Moving Beyond Righteous Anger

Against is easy.  What are we for?

I get it.  I get the anger, the dismay, the strong feelings over every single pronouncement these days.  The anger is right and it’s justified.  Anger is a valid response to the unmitigated attacks on the most vulnerable in our society.  Immigrants documented and not, are under attack more than ever.  Muslims, Jews and other minority religions are threatened simply because their faith is not the faith of the mainstream US, at the same time that LGBTQI+ citizens are having their rights stripped away and their safety compromised in the name of ‘religious liberty.  Oh, sweet irony, kill me now.  Social services for the poor are under attack, as well as services for people with disabilities.  The EPA and other agencies we cherish are being subjected to a scorched earth philosophy that might well leave little left of the government we have come to take for granted.  All in all, anger seems like a pretty rational response.  I validate that anger, unquestionably.

Like I said, I get it.  As a transwoman, I have been on the front lines of the culture war ever since I transitioned.  These issues are not merely issues of righteous moral indignation for me – they are.  These issues affect me and my family in deep, personal ways.

Anger, however, is insufficient.  Against is insufficient.  It is by clearly thinking about and articulating what we are for that we create sustaining movements which can build the changes we want to see.


Only when it is dark enough can we see the stars – MLK

 Some may argue that this is not the time for idealism.  We need to be practical, take things slowly.  I disagree.  This is EXACTLY the time for those of us on the left to start articulating our worldview in clear, strong terms.  We need to shout out the call for equality, for safety, for quality of life for all citizens.  We need to share our vision for a better, more sustainable future for all of us.  Certainly the other side isn’t being shy about it, and neither should we.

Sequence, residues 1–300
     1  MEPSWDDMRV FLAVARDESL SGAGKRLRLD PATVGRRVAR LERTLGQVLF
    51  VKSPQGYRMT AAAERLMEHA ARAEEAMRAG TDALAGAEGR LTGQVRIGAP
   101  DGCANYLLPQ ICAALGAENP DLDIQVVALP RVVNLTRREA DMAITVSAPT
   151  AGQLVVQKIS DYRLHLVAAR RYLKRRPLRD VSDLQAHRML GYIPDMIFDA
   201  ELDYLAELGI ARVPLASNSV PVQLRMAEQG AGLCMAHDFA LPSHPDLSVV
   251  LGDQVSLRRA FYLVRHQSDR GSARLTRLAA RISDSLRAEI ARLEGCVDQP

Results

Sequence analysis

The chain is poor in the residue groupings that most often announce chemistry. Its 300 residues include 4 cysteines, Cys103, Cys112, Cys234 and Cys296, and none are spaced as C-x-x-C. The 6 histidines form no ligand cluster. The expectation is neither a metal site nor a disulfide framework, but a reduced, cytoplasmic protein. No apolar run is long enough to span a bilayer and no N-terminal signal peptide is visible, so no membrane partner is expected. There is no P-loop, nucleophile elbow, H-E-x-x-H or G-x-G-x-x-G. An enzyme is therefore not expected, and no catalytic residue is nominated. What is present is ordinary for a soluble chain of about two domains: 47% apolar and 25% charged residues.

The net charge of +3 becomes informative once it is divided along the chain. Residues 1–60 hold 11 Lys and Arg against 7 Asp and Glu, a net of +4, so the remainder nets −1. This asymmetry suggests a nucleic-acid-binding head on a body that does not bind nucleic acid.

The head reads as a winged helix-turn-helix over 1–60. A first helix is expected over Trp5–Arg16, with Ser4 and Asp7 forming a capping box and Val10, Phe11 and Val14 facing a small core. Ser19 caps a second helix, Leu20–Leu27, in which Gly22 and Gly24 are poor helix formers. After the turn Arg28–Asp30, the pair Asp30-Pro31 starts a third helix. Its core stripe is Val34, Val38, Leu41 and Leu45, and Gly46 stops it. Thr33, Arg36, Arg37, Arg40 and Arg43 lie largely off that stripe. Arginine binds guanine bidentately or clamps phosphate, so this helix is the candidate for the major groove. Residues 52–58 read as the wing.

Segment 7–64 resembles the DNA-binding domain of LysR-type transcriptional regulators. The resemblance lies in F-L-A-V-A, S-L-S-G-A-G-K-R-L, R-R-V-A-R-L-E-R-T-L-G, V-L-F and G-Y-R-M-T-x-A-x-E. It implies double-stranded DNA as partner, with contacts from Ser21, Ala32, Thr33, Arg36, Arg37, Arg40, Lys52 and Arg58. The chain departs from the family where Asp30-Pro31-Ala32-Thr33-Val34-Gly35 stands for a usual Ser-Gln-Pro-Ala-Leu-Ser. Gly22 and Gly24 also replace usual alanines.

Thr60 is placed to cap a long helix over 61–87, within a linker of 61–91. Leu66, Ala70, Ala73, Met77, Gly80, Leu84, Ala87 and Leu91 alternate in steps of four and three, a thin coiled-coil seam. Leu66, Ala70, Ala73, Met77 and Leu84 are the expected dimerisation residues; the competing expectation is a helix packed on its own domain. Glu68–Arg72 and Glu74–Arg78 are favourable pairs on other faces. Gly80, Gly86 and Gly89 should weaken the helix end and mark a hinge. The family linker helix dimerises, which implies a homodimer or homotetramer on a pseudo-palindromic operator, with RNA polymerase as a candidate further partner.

I would like to suggest that it is time for those of us on the left to do the same.  Shout out our vision of acceptance, of equality, of decent living for all.  Shout it loud enough for the Right to hear it.  Shout it loud enough for the left to hear it.  Shout it loud enough for the center to hear it.  It’s a worthy message, and it needs to be heard, strongly and without compromise.



A few reasons.  First, ‘against’ does not sustain.  What happens when Mr. Trump is gone?  Impeached next month or voted out in four years, honestly, little will change.  Trump is not the problem here.  The problem is a culture that accepts violence and domination as legitimate tactics.  Little beyond his own personal corruption is happening today because of Mr. Trump.  Those of us who have been paying close attention for a while know that the Republicans have been promising everything that Trump is attempting for several years.

Donald Trump is Oz the Great and Terrible.  The bigger problem is the man behind the curtain.

Getting rid of Trump will not solve our problems.  He is merely a loudmouthed, bloviated demagogue.  The Republican leadership – I do not believe rank and file Republicans necessarily follow lockstep with everything the leadership says, any more than the left does – have been promoting racism, misogyny, bigotry and the demonization of the poor for decades.  Mostly, they use coded language, as outlined in Nixon’s southern strategy.  Trump says ‘what he thinks.’  Trust me, when you are on the receiving end, the coded bigotry isn’t a whole lot better than the out loud version.  In some ways, it’s worse.  Quiet racism allows the left to go to sleep, thinking things aren’t quite as bad as they are.  At least when it’s in the open, we can confront it.

Understand this: the problems with racism, misogyny, trans/homophobia have existed for a long time, under administrations both Republican and Democratic.  They won’t go away when Trump is gone.  They won’t even go away if every Republican is thrown out of office.  Democrats are not necessarily without their own prejudices, both personal and institutional.  Most black people’s lives did not improve a whole lot under president Obama, and many poor women and women of color would still be struggling were Hillary Clinton president.  I’m not trying to imply any kind of equivalence here.  Certainly one is better than the other.  I would just like to remind people that problems of inequality are deeply rooted in society, and that simply voting for one party over the other, while necessary, is not sufficient.

To truly improve the lives of the most vulnerable takes work, commitment and civic involvement.  It takes time.  It’s worth it, but it does take a bit more than the righteous anger to sustain.

There are other reasons for focusing on what we are for.  We have been attacked for trying to promote ‘special interests.’  Framing the debate this way is divisive and puts those of us working for social justice on the defensive.  Framing our work in terms of an ideal worldview helps us get beyond this perception.